On December 15, 2017, Century Bank filed a brief in support of its motion to … Keep reading

Cannabis in the Commonwealth: What Are People Saying?

I recently attended the New England Real Estate Journal’s “Cannabis: The Next Phase in Commercial Real Estate” summit, which brought together a number of local players for networking and a high-level discussion of where the industry stands in Massachusetts. In addition to being fantastic networking opportunities, events such as this allow attendees to get a sense of where the conversation on cannabis is heading, and for us, can be invaluable in terms of helping to anticipate concerns that clients will have and issues they’ll face.

Some of my takeaways:

  • Despite the Attorney General’s stance on marijuana, nothing has really changed. For now, the federal government seems content leaving it to state and local authorities to ensure that cannabis industry players adhere to state laws when establishing and operating their businesses.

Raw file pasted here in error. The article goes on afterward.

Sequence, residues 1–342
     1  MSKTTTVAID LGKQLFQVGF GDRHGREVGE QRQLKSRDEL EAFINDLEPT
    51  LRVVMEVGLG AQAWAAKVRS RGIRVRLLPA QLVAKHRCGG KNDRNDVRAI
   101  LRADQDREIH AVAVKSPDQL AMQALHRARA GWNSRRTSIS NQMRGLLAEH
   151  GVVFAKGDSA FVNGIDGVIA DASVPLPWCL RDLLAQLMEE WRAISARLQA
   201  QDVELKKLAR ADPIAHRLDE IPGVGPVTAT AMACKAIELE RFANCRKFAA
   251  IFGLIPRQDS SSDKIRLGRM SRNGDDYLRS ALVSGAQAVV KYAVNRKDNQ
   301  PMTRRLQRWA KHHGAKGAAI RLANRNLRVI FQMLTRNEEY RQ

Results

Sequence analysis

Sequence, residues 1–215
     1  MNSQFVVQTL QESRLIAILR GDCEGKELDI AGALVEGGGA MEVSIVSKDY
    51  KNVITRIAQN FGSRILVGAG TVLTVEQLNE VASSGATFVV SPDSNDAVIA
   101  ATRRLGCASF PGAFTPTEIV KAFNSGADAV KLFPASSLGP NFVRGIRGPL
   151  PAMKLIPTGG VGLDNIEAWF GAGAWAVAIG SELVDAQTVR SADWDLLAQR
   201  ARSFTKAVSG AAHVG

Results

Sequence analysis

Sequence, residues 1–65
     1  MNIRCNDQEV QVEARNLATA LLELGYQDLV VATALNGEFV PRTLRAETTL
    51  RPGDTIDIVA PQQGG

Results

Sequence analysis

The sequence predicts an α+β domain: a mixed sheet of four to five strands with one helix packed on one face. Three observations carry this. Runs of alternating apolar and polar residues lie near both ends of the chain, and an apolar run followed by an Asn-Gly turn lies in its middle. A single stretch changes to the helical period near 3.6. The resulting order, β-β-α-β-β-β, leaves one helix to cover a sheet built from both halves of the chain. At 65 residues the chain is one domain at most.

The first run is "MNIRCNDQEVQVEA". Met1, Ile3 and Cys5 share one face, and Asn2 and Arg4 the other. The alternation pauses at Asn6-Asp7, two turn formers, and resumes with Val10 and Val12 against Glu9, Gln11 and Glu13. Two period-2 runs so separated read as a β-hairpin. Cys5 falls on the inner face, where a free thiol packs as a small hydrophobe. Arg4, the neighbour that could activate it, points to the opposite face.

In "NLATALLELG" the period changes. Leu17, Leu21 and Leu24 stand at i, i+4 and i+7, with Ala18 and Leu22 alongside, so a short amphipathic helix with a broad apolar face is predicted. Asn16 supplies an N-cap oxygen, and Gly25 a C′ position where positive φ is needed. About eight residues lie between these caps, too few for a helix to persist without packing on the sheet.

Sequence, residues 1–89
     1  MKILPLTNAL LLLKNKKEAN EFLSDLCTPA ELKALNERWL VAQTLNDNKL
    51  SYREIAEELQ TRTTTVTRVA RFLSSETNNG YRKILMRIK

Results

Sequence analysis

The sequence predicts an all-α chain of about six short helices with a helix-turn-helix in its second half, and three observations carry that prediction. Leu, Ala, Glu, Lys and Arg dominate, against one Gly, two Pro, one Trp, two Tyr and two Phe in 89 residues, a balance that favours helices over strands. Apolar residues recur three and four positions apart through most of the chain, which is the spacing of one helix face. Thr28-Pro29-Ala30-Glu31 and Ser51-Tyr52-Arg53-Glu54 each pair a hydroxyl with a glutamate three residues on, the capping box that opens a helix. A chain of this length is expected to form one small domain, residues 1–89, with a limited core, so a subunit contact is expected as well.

• When it comes to launching a cannabis business of any kind, it’s critically important to educate people about what your operation will entail, and what it won’t. You need to meet with municipal boards, with community groups, with public safety officials, to really drive home the message that: “Yes, we’re in the cannabis business, but we’re not the big, bad wolf. We’re just a dispensary, or a
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In my previous post, I outlined some of the challenges property owners face with regard to leasing real estate to registered marijuana dispensaries (RMDs) and cannabis cultivation centers (MJ Tenants). For all parties involved, the path to success in the cannabis space begins with an understanding of the differences between applicable state and federal laws. With respect to leasing to businesses that actually touch the flower, there are significant zoning and locational restrictions imposed on RMDs and MJ Tenants that must be taken into consideration.

Additionally, factors like financing, security, and liability are also strong concerns for all stakeholders – protecting the property, as well as the business, is critically important.

3. The cost of financing